Since nobody witnessed the accident, they tried to cover their tracks. Although few family members protest Vidharth's decision initially, they later bury the dead person's body in a place near to the spot of the accident. A while later, Vidharth narrates the incident to his uncle George, who advises him that a post mortem should be done on the dead body. George soon realizes that the person had poisoned himself prior to the accident and he hides this fact without revealing it to Vidharth. He then says that the person had suffered death as a result of the accident and that any one person must appear at the court. The police soon come to know this news and file a case on all those who were traveling that day in the lorry. The rest of Oru Kidayin Karunai Manu revolves around whether they all come out of this problem and why George chose to hide the truth from Vidharth.
Vidharth has done few offbeat roles lately and this one is no different. He delivers a neat performance as per the script's demands and convinces us he is an actor with mettle. Raveena's film debut is off to a solid start despite appearing in only few scenes. She gets her expressions right in all the scenes and emotes her dialogues perfectly. George's character in the film is a standout and propels the plot forward. As for the supporting artistes, Hello Kandhasamy, Krishnamurthi, Arumugam and others have played their parts well.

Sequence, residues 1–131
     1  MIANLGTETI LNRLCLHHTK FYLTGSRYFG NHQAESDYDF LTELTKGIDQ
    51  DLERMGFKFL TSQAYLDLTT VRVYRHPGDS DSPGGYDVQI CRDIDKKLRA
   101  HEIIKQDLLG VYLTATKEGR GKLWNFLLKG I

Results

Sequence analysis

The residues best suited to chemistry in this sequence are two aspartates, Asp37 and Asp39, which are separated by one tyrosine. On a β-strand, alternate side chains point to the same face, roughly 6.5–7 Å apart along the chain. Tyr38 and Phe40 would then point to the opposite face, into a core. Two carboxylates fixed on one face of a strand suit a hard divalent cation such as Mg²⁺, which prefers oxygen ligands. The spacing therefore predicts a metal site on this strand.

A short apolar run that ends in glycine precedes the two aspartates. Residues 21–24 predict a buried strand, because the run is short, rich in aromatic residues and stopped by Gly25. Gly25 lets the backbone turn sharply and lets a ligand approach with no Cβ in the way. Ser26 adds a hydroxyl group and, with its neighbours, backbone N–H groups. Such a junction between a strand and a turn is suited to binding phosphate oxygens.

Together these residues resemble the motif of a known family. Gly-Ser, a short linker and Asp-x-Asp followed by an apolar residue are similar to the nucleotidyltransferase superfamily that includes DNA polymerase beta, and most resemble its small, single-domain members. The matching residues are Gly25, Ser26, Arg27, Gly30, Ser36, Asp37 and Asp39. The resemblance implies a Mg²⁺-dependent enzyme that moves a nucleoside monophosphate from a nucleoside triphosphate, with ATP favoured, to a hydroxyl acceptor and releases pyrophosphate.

Director Suresh Sangaiah has made a film that is different in its narrative as well as its approach with its biggest strength lying in its dialogues. Perhaps the only aspect that leaves us disappointed would be George's character not getting a proper conclusion. On the other hand, the love we bestow upon our pet animals is depicted here in a rather interesting manner. R. V. Saravanan's cinematography takes us on a trip to the village life while M. Raghuraam's background score as well as the songs are a major boost for the film.
In short, Oru Kidayin Karunai Manu is a fun film worth watching with families.